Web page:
lol, bj, that’s what people said about online poker being rigged, pre-UB/AP …

    while i agree that fawcett may not have it down as to what really is going on behind the scenes, i do think it’s possible — at least something that must be considered — that there is more going on behind the avatars than just straight-up high-stakes degeneracy.


  13. BJ Nemeth
    says:

    The difference from the “online-poker-is-rigged” argument is that those conspiracy theorists were arguing that online sites were created with the intent to defraud their players, sometimes involving elaborate schemes where they win at first to entice them, and then lose big to suck them dry.

    As absurd as that idea is, there has always been the possibility of individuals within a company getting together to cheat, through a variety of different methods. And, from everything we know, that’s what happened.

    For Ivey and these other high-profile players to be faking this entire high-stakes drama with Isildur would require many, many people to be involved, including most of the executive owners at Full Tilt.

    If that group was going to commit fraud to market their site (ludicrous as that is), there are dozens and dozens of better ways they could have done it than this. I would bet everything that I own, and take out credit, to bet against this being some kind of pure marketing scam, or that the Ivey avatar wasn’t being played by Phil Ivey.


  14. DanM
    says:

    I’m not trying to imply fraud at Full Tilt in any way. What I am saying is that the question of “Who is Isildur?” probably has a more complex answer than just “viktor blom”.


  15. BJ Nemeth
    says:

    Behind the scenes, we know that a lot of players taking on Isildur have backers on their action. So the high-stakes aren’t always quite as high as they seem. (Isildur could even have backers himself.)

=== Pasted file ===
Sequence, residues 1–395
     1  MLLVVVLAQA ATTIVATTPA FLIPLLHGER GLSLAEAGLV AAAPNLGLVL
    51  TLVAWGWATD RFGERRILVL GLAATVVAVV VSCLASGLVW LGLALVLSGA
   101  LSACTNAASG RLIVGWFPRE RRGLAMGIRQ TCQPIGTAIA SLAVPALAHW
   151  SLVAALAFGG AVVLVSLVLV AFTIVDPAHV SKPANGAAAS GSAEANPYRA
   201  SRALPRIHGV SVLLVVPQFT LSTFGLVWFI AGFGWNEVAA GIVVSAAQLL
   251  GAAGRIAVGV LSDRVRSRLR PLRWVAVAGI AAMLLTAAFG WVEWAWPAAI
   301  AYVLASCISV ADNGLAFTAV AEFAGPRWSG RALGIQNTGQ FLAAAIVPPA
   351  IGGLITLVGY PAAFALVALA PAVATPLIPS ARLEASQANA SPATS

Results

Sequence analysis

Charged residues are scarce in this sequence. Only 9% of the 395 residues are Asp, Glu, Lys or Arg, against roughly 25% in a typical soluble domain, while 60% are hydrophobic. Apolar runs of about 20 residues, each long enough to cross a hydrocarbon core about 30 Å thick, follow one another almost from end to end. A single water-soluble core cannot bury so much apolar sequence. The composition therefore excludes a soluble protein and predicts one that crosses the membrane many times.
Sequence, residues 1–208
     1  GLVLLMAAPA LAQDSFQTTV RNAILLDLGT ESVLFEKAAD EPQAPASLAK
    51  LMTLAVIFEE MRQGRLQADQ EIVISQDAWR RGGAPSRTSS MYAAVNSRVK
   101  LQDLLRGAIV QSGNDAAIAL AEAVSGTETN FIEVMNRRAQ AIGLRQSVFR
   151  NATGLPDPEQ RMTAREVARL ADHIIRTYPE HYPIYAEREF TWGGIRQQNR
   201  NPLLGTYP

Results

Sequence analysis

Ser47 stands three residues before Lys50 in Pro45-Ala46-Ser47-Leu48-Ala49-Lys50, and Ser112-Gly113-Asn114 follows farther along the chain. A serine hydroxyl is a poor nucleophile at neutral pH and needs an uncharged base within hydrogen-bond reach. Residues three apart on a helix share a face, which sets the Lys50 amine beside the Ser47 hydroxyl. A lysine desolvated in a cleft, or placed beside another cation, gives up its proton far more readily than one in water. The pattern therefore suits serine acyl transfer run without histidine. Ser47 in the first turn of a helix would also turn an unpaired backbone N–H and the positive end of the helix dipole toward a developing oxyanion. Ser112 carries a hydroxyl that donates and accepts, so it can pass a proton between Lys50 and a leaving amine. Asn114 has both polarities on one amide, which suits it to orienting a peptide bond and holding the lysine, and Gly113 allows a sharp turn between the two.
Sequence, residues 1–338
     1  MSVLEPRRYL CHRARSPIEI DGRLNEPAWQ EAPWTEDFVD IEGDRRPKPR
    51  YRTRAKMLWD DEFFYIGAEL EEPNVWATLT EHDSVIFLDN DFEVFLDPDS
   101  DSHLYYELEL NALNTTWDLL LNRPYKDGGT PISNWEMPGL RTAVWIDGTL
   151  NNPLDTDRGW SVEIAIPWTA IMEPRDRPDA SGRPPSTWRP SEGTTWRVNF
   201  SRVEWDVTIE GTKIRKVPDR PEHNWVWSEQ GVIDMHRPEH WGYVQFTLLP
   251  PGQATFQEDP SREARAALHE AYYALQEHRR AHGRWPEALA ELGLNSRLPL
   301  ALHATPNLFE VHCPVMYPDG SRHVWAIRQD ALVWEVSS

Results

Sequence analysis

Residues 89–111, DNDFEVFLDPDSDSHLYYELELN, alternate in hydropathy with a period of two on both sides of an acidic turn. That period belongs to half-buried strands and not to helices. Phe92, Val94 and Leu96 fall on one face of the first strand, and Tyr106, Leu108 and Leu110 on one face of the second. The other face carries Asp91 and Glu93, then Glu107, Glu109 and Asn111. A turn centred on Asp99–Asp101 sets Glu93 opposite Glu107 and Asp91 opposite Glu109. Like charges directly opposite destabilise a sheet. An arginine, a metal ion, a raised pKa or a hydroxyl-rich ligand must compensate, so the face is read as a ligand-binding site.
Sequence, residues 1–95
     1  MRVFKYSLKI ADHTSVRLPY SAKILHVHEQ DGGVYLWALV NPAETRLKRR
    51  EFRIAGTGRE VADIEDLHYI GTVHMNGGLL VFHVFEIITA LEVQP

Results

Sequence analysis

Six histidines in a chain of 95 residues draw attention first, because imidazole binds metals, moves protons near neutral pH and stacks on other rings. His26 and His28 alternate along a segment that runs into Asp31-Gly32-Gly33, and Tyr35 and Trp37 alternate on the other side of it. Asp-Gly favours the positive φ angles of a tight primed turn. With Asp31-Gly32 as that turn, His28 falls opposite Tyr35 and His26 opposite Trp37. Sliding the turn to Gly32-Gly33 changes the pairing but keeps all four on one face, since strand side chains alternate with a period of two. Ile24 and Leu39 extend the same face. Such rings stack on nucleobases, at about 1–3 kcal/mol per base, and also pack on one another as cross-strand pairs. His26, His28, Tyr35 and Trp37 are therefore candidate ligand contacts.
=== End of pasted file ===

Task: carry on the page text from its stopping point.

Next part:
I almost wrote himself/herself, but does anybody out there think that Isildur could be a woman? I’m not saying that a woman *couldn’t* play those stakes; I’m suggesting that a woman wouldn’t be degenerative enough to do it. There’s very little logical reason to play that high, as has been discussed in other places.


  16. BJ Nemeth
    says:

    So you’re suggesting that Isildur1 is either a bot or a team? And I assume then that you’re thinking that the IP trace is a false reading, and that the real player(s) isn’t in Sweden at all?


  17. JaKat
    says:

    I can say with complete confidence that he pros playing online at FTP are in fact those people represented by their avatars.

    These pros are the faces of FTP and the powers that be at FTP have staked no small part of the company’s reputation on the integrity of the pros. In fact, you may remember that Jonathan Little had his red pro status taken away after it was discovered that he was allowing other players to use his account.

    Whether Ivey, Hansen, Antonius et al. are all playing on just their own money or have backing/staking deals in place is another question, but make no mistake, both the money and the players you see online at the tables are real.


  18. DanM
    says:

    Almost for sure not a bot. A team is surely plausible, however.

    I don’t know where to begin with the speculations. False IP’s could be a possibility, sure. It could be as simple as just some rich guy. He may or may not be using some program to help him … and could he be in violation of one of those questionable TOS rules (like you are not allowed to have more than one account)?

    I really have zero insight into what it COULD be, I am just accepting Fawcett’s premise that there is probably more to The Story. Even if it is pretty straightforward – just a high roller donking around – there has got to be a lot going on behind the scenes in Ireland because of the stakes and opponents involved.

    (And let’s say they did discover shenanigans – like it was some known pro using a different account – well at that point I’d suspect Full Tilt might be trying to handle it differently than they would with a more typical user. )